fuser –cu /var                          ###Find out what user/process is holding filesystem
fuser –ck /var                          ###Kill user/process holding filesystem

umount –a OR umountall        ###unmount all noncritical filesystems
mount –a OR mountall            ####mount all filesystems

/etc/fstab                                  File that holds the system filesystem mount definitions
fsck –F hfs –f /dev/vg01/rlvol1               ###Repair a filesystem
fsck –o full /dev/vg01/rlvol2                   ###Force filesystem check without intent log replay

Replace/repair superblock
Look for an alternate superblock in /var/adm/sdtab then:
fsck –F hfs –b 16 /dev/vg01/rlvol1

Mount DVD/CD
ioscan –fNnkCdisk | DVD
mkdir /dvdrom
mount –F cdfs –o ro /dev/disk/disk3 /dvdrom
OR to keep filename case:
mount –F cdfs –o cdcase –o ro /dev/disk/disk3 /dvdrom

to unmount:
umount /dvdrom

LOFS filesystems – virtual filesystem to point existing directory or filesystem to a different path
mkdir /lofs
mount –F lofs /usr /lofs
Ex. makes all files and subdirectories under /usr accessible via /usr and /lofs

swapinfo                                                 View swap areas
swapinfo –atm                                         Gives totals with swap info

Creating a swap device
lvcreate –L 500 –n swapvol vg01          
swapon /dev/vg01/swaplvol
swapinfo | grep swaplvol

Create a filesystem swap
swapon –l 100m /data2
swapinfo | grep data2

Note: swap spaces must be added to /etc/fstab to be available at boot
ISL Commands
ISL>display                            Show boot values for autoboot and autosearch
ISL>hpux –is                                          Boot to single user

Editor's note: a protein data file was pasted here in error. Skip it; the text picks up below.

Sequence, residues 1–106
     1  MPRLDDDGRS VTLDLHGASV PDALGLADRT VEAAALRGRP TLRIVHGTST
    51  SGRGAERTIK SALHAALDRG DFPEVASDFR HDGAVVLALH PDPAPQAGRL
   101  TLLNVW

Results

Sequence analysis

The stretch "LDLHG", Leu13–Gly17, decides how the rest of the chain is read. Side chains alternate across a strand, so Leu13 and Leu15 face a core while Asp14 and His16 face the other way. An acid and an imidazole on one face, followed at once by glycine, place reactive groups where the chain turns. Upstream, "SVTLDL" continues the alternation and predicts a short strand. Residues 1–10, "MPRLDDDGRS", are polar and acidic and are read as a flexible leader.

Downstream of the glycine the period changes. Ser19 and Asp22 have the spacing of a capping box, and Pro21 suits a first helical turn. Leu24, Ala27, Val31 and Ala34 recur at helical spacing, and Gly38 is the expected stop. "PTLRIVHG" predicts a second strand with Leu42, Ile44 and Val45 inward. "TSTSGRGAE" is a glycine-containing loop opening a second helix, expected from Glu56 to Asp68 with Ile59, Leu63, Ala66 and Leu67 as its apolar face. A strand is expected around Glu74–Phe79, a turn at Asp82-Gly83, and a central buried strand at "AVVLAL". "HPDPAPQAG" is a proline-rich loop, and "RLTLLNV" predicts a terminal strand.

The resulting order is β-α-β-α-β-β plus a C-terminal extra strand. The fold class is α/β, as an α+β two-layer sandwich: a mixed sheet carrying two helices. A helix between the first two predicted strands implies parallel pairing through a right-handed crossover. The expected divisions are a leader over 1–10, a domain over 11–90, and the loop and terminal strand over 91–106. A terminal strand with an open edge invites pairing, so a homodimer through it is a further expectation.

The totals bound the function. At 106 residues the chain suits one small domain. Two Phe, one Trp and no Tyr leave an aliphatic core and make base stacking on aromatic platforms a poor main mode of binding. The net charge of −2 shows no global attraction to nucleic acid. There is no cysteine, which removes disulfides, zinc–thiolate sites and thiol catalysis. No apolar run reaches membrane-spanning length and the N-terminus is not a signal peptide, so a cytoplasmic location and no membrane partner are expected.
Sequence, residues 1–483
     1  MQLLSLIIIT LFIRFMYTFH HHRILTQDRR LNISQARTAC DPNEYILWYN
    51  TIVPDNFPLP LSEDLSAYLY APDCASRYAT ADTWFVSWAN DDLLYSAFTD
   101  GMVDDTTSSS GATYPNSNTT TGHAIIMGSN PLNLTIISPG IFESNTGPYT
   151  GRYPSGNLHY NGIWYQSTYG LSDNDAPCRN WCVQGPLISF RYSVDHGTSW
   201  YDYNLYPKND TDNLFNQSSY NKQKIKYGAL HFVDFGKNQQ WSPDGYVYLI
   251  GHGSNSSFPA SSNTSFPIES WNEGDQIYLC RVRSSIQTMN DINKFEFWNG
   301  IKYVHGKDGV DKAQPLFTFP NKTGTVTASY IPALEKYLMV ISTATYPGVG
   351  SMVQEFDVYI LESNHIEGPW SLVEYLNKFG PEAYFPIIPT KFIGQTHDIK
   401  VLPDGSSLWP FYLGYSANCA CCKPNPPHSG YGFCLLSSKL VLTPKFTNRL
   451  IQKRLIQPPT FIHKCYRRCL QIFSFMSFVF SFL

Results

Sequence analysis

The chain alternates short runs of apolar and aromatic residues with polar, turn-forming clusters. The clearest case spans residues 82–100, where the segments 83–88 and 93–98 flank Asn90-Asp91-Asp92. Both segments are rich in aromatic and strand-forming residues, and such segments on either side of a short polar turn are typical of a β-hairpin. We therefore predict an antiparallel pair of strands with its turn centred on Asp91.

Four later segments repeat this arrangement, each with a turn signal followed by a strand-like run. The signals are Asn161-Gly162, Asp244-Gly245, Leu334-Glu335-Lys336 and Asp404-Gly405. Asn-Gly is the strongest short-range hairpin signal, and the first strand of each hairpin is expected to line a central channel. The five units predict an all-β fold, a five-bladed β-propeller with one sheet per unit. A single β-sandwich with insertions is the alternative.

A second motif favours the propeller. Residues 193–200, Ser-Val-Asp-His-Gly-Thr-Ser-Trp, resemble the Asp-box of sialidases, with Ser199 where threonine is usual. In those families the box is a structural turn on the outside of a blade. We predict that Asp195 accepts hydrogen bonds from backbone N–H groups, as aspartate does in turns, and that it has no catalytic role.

ISL>hpux –lm                                         Boot to LVM maintenance
ISL>hpux –lq                                          Boot without mirror quorum checking
ISL>hpux set autofile “hpux –lq(;0)/stand/vmunix”               Set boot string at ISL
ISL>lsautofl                                            View/verify auto file’s contents
ISL>hpux (0/0/4/0/0.0;0)/stand/backup/vmunix     Boot from a non-default kernel
ISL>hpux /stand/backup/vmunix            Boot from kernel on primary boot disk
ISL>hpux ll /stand                                  List contents of /stand directory

setboot                                     Shows same at the shell
setboot –b on/off                     enables / disables autoboot
setboot –s on/off                     enables / disables autosearch

setboot –p device                     sets primary boot device
setboot –h device                     sets HA alt boot device
setboot –a device                     sets alt device
mkboot –a “hpux –lq(;0)/stand/vmunix” /dev/rdisk/disk2       Sett boot string at shell
lfcp /dev/rdisk/disk2:AUTO -                 View/verify auto file’s contents at prompt

BCH commands
sea                                           searches for devices to boot from

Boot Integrity Server Manually
1)             Highlight EFI shell from boot manager and press ENTER to get into EFI shell
2)             Use map command to list known mapped filesystems
                Select filesystem by entering its mapped named i.e. fs1:
3)             fs1:>hpux
4)             To manually boot the system i.e. to single user or LVM main mode, interrupt the boot process during timeout period

Modify Boot Delay
Shell>autoboot on/off                             Turn on and off autoboot
OR shell:
# setboot –b on/off

From boot manager:
Boot config -> Autoboot Config ->Set Autoboot Timeout ->specify a number
OR from EFI shell
Shell> autoboot 20                                  Changes to 20 sec

Booting from Alternate Device
1)             Highlight EFI shell from boot manager and press ENTER to get into EFI shell
2)             Enter map command to list boot devices